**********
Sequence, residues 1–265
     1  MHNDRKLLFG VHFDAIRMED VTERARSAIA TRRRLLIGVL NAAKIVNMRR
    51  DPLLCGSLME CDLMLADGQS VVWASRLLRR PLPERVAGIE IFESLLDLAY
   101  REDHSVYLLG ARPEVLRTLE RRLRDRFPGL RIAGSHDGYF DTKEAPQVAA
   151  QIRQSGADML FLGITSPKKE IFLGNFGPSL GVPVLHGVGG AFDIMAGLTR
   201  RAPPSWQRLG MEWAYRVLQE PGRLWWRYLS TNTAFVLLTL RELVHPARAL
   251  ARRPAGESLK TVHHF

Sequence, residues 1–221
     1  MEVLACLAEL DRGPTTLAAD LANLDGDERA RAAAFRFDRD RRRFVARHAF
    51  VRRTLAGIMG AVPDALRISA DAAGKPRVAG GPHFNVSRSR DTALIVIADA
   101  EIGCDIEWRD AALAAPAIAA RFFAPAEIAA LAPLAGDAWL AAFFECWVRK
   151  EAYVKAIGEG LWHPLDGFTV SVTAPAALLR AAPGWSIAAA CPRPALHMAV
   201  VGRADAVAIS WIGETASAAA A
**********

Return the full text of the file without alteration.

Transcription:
Sequence, residues 1–265
     1  MHNDRKLLFG VHFDAIRMED VTERARSAIA TRRRLLIGVL NAAKIVNMRR
    51  DPLLCGSLME CDLMLADGQS VVWASRLLRR PLPERVAGIE IFESLLDLAY
   101  REDHSVYLLG ARPEVLRTLE RRLRDRFPGL RIAGSHDGYF DTKEAPQVAA
   151  QIRQSGADML FLGITSPKKE IFLGNFGPSL GVPVLHGVGG AFDIMAGLTR
   201  RAPPSWQRLG MEWAYRVLQE PGRLWWRYLS TNTAFVLLTL RELVHPARAL
   251  ARRPAGESLK TVHHF

Sequence, residues 1–221
     1  MEVLACLAEL DRGPTTLAAD LANLDGDERA RAAAFRFDRD RRRFVARHAF
    51  VRRTLAGIMG AVPDALRISA DAAGKPRVAG GPHFNVSRSR DTALIVIADA
   101  EIGCDIEWRD AALAAPAIAA RFFAPAEIAA LAPLAGDAWL AAFFECWVRK
   151  EAYVKAIGEG LWHPLDGFTV SVTAPAALLR AAPGWSIAAA CPRPALHMAV
   201  VGRADAVAIS WIGETASAAA A